Published in 2020, Bell’s novel encapsulates the events of that September morning and the resulting aftermath of the Miley murders, masterfully weaving together the story of Marion’s life through the voices of the people who loved her and the perspective of the crime’s perpetrators. Most writers would’ve chosen to leave out the murderers’ viewpoint. But Bell felt it was important to include Penney, Anderson, and Baxter. She details the trio’s arrests, trials, and eventual convictions - along with providing a glimpse into each man’s backstory - not because she wanted to give them any undeserved attention, but rather to prove how diabolical the robbery plot actually was.
“My personal opinion of Bob Anderson was that he was a sociopath,” Bell said. “He was definitely the most confident. He thought that he could pull this off and get away with it. Bob Anderson had been a liar for a very, very long time, and this was the culmination of that life of lies and manipulating people.
“I made a decision to tell part of the story from Tom's perspective because I was privileged to learn some things in detail about him in real life. I got to interview his son. I couldn't reveal his name, but he's got every letter that Tom wrote to his mother from prison. That's what happens sometimes when you're going down these roads and (wonder) should I be doing this? The universe taps you on the shoulder and goes, yeah, you should.”
The Murder of Marion Miley has captured the attention of readers across the country, even interesting those who wouldn’t know an eight iron from a curling iron. Bell’s writing immediately grabs your attention and doesn’t let go until the last page, making it hard to put down. It’s obviously a great choice for Kentucky history aficionados with its detailed descriptions of 1940s Lexington with plenty of Bluegrass heritage sprinkled in. But the book also has resonated with a younger, college-aged audience, one who admires the 27-year-old and the impact she was making on the world.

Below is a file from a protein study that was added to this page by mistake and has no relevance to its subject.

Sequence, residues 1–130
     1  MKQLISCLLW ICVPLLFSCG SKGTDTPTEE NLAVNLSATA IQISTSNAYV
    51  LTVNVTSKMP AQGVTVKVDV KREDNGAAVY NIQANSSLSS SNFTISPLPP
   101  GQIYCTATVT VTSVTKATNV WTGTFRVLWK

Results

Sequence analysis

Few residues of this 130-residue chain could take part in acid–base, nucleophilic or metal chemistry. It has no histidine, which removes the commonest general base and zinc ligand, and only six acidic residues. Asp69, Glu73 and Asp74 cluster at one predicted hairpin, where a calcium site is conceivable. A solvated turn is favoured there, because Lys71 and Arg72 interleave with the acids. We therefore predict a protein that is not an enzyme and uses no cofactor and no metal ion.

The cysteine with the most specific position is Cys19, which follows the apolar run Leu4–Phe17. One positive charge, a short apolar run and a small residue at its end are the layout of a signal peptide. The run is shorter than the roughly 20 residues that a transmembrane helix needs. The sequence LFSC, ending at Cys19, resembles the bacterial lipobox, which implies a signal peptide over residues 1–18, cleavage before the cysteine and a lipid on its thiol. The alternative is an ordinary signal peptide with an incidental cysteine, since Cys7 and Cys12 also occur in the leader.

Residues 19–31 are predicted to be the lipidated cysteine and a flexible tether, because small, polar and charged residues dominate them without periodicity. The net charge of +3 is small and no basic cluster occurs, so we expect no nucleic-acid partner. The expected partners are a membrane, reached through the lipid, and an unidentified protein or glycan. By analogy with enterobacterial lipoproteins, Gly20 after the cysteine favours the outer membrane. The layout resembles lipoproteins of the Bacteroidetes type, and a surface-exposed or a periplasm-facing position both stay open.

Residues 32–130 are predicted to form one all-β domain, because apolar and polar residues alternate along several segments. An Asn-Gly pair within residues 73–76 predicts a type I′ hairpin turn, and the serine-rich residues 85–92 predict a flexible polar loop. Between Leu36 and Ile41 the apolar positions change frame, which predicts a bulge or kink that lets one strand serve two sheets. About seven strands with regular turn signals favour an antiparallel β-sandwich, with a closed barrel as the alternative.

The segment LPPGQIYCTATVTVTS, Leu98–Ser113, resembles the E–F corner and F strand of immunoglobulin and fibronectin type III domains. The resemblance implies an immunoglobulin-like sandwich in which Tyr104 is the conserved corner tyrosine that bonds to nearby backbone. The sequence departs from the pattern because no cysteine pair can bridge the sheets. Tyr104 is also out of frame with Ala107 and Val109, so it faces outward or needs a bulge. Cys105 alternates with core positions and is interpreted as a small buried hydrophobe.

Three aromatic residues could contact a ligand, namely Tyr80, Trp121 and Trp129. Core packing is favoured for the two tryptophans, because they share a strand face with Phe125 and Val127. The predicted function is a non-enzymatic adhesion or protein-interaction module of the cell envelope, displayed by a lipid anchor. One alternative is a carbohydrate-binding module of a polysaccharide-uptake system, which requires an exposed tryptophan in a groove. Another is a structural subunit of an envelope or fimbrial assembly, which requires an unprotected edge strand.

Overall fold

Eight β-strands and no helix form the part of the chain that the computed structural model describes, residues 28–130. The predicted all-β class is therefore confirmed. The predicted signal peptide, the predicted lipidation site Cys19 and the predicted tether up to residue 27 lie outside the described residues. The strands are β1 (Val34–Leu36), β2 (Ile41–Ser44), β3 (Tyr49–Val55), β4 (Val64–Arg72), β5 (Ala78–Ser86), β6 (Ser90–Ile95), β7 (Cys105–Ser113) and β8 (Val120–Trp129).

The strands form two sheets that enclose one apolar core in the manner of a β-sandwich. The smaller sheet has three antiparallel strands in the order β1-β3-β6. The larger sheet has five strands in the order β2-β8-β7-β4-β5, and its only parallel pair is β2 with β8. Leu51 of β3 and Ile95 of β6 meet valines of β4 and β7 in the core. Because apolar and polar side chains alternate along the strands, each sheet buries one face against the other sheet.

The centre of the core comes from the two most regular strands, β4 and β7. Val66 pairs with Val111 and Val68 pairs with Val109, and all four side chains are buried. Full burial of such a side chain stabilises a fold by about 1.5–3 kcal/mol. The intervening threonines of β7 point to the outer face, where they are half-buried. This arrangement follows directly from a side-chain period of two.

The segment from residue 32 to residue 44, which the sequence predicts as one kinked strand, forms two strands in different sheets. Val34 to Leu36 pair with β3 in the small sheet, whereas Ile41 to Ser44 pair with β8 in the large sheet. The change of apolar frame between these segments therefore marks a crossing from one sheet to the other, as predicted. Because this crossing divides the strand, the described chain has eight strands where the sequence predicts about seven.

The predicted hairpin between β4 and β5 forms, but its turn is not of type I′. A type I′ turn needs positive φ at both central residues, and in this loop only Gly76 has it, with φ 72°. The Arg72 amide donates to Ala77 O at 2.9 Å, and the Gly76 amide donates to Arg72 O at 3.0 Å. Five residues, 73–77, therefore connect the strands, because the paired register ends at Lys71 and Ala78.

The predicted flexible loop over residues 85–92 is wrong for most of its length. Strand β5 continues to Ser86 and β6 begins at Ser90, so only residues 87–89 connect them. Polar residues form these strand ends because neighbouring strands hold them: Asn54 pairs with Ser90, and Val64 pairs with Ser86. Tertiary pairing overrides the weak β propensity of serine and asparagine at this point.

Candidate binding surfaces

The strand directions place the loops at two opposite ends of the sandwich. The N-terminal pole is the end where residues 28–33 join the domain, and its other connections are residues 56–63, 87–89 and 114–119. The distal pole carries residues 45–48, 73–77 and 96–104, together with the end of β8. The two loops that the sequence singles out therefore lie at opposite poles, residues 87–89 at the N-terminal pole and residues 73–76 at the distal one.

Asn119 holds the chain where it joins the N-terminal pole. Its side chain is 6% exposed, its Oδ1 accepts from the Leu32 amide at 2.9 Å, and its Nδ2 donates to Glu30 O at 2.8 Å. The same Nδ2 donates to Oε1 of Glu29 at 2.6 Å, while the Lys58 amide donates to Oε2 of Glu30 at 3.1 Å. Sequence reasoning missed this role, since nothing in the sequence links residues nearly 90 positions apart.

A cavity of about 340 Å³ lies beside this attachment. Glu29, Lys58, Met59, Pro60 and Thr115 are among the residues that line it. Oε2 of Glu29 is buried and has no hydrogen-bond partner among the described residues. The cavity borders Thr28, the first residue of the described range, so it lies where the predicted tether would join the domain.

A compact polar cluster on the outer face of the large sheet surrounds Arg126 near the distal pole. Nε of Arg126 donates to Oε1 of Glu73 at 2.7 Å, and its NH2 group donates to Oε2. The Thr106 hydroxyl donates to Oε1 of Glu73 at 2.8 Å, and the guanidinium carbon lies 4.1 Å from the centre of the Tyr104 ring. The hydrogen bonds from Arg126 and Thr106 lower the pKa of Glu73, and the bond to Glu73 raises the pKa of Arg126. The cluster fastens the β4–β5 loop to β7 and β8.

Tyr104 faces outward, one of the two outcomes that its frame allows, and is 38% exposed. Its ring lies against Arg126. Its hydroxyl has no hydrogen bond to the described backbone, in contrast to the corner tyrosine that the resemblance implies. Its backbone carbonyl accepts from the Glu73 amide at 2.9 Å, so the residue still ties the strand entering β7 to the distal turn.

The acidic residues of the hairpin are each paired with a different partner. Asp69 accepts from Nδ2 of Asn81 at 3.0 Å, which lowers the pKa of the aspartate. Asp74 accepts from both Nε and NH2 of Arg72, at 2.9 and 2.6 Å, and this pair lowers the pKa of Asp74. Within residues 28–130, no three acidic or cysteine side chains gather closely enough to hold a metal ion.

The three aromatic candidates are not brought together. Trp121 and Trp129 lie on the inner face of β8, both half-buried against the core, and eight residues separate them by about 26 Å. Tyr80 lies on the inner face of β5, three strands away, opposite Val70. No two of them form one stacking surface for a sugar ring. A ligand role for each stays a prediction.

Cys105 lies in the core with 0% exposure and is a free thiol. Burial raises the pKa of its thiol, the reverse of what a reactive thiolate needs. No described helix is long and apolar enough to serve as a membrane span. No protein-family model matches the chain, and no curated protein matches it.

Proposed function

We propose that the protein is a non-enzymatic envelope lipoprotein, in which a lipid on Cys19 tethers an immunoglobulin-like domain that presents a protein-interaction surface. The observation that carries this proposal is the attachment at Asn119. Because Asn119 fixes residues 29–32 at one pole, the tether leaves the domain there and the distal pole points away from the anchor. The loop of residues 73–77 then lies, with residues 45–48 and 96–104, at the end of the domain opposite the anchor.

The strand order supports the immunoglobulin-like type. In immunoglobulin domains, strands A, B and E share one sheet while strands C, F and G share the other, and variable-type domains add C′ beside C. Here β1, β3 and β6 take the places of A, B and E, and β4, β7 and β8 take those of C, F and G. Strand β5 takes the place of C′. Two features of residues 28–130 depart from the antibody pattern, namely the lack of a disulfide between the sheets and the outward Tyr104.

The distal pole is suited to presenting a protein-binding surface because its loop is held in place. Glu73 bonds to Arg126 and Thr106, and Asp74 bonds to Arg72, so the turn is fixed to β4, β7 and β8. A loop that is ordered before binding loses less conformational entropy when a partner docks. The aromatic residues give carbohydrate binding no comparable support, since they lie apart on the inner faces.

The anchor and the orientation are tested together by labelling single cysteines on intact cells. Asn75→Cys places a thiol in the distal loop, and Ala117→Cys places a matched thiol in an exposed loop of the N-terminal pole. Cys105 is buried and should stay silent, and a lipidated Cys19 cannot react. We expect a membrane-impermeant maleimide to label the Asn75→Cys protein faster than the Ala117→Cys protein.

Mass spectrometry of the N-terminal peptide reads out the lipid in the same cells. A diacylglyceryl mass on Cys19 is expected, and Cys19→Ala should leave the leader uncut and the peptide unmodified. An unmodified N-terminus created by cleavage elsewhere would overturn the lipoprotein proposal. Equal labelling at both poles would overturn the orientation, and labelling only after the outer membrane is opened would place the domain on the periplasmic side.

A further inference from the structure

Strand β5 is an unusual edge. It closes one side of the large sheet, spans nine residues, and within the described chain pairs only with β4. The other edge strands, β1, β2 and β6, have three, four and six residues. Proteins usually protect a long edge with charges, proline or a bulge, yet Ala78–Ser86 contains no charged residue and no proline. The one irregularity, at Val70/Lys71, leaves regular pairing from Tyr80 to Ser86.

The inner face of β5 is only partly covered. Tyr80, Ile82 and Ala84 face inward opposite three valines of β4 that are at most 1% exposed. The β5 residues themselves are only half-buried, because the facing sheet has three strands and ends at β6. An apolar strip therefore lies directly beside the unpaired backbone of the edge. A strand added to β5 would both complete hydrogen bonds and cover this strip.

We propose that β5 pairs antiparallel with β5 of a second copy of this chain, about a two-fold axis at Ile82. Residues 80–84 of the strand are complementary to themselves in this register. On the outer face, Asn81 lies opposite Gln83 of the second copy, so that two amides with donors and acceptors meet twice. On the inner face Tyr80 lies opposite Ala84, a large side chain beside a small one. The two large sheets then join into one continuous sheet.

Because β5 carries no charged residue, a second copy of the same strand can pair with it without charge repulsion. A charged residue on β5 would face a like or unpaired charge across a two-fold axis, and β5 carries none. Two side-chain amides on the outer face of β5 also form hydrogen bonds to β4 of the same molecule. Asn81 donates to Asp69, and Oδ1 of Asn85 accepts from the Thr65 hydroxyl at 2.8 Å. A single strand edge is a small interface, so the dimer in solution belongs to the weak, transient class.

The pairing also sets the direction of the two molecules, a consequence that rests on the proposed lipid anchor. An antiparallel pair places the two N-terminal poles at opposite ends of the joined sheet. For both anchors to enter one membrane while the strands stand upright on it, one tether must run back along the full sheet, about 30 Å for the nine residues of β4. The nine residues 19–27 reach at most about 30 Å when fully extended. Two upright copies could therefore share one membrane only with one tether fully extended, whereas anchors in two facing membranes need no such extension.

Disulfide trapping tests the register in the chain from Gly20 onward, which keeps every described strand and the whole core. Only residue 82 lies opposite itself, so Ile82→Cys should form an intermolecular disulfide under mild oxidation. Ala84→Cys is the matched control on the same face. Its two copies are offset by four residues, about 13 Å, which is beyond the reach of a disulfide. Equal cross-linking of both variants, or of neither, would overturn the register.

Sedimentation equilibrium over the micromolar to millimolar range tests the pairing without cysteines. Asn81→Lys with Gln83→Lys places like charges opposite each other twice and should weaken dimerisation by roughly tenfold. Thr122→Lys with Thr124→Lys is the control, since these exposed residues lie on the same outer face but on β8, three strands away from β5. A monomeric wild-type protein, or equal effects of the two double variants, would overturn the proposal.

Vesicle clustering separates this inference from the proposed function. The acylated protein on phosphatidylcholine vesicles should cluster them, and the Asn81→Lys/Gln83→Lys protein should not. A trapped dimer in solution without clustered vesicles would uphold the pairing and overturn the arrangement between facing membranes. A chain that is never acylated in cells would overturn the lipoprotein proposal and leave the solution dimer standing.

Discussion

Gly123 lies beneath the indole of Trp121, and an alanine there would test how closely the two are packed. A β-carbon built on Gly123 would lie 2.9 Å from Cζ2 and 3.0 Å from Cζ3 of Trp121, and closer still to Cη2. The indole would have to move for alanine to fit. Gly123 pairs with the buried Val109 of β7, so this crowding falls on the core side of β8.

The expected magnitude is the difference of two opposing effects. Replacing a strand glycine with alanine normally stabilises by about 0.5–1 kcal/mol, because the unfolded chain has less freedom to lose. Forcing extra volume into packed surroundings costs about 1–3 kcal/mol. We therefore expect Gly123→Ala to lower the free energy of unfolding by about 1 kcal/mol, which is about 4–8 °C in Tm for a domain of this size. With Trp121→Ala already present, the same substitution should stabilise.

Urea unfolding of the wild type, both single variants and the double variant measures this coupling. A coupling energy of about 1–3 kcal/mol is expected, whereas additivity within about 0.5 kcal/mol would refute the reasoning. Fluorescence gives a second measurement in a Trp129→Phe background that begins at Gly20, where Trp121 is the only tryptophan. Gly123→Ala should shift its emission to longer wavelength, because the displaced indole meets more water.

The fervent fascination with the case still surprises Bell though she has always understood its significance. When she was alive, Marion was doing everything she could to grow the game at a time when few women were picking up clubs. Bell’s The Murder of Marion Miley continues that work, using words and paragraphs instead of well-struck golf shots and holed putts.
“I think (Marion’s story) humanizes the game of golf,” Bell said. “It brings a different perspective to it rather than just being out on a perfect fairway and buying expensive clubs. And I think it brings a story that has an appeal that can also help the game. I'm kind of surprised about the appeal of it. I figured history buffs would love it. Golfers, too. What I don't think I expected was that vast appeal.
“The University of Kentucky (women’s) golf team. Their coach got all of them a copy of the book, and she asked me to talk to them. So, it was kind of like their assignment. One of them called Marion a real badass. I think it's just because Marion was in her 20s and she was doing all this stuff that was really cool for the time. (Marion) was clearly a woman taking advantage of the opportunities that were presented to her. She was a woman in charge. She was doing things that other women weren't doing. In my mind, she would have continued doing that.”